"Secure" channel demystifying?
peter at helios.de
Thu Jul 1 07:36:43 GMT 2004
Am Mittwoch, 30. Juni 2004 20:35 schrieb Dimitry V. Ketov:
> Hi, samba hackers!
> Sorry if my post is an off-topic here, but there is no other best place
> to ask :)
> As I know domain controllers and domain members use so-called "secure"
> (but actually just machine-to machine authenticated) channel in netlogon
> protocol for communications. For the (my) first sight it's rather
> strange, in comparison with the "usual" method to authenticate the
> _entity_ wich accesses information (e.g. user that logons).
> All I can guess for this is authentication and authorization for DCs
> replications, inter-domain requests and so on, that is possible without
> any user intervention (and therefore without any user's account, just by
> using machine's accounts). But what reasons to use that "secure" channel
> for the real user logon purposes?
> Spent some time looked for an answer (why that additional "security" is
> needed) in the web sources (including microsoft), and found nothing
> illustrative to prove my guesses, I've decided to ask this list for an
> explanation. :)
> - Is my guesses right or wrong?
> - In which cases that "secure" (just authenticated) channel used?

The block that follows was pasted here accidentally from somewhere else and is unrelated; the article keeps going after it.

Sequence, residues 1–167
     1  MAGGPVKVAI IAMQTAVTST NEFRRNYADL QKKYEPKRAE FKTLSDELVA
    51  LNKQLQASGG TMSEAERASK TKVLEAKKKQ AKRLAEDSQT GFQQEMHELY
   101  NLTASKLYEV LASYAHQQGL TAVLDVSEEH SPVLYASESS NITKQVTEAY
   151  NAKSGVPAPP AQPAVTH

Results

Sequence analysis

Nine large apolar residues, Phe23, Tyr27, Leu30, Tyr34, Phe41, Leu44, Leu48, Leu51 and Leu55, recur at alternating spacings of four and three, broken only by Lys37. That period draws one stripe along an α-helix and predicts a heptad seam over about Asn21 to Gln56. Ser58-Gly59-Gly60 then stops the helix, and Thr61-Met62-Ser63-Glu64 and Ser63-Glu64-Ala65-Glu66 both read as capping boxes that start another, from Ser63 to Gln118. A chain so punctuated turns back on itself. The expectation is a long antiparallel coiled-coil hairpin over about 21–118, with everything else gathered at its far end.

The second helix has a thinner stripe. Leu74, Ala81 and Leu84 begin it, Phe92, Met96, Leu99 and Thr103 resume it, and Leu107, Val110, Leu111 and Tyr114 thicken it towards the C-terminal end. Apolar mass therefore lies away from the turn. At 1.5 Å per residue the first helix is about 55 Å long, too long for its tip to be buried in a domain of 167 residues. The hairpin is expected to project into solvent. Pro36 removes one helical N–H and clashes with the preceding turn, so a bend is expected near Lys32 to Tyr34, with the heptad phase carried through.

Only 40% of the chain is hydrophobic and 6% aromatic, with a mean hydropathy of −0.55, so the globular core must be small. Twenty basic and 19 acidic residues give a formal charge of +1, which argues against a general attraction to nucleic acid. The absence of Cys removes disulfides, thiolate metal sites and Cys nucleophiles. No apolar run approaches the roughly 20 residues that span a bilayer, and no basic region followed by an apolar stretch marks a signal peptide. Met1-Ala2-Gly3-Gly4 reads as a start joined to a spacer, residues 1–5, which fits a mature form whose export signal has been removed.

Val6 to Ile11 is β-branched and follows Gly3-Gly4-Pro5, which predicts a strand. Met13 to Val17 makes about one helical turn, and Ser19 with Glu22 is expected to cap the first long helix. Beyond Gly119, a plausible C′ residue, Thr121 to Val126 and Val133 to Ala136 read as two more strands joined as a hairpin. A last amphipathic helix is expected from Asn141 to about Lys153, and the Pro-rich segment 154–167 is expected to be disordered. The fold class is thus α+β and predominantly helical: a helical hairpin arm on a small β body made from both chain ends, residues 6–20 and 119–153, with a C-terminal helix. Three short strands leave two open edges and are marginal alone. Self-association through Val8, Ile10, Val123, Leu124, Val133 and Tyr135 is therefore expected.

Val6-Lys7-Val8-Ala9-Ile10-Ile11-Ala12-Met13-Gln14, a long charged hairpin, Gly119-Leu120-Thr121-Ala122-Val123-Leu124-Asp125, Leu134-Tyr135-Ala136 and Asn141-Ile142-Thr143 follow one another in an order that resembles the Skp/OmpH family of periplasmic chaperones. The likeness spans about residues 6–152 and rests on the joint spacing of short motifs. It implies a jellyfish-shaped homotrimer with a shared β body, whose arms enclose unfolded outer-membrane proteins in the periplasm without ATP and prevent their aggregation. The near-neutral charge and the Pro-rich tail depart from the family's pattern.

> - Give me some good points to information/documentation...
The global problem is mutual authentication. You gain 2 profits with that:
1) the server can authenticate the machine, since it was entered into the
domain by an admin. A malicious cracker can't plug his laptop into
a port and try to impersonate. This alone does not prevent the use
of keyboard sniffers (local security of client machine) etc.
2) the client can be "more" sure about passing the challenge/response
token to the "right" server. Without that a cracker could spoof his
laptop as DC. If the passwords would be passed with a reversible algorithm
he would get them. With NTLM he can build a dictionary of challenge->hash.
It's not only theoretical: the server possibly downgrades the client to sent
the password in clear...
The client machine wouldn't do that if SChannel is mandatory and the server
can't prove his identity. It's like SSL certificates and fingerprints. If the
certificate is invalid the user ignores that and sents the PIN ;)
> PS. Yes, I'm aware of today's secure channel signing and cyphering ;)
Then, why do you ask? ;)
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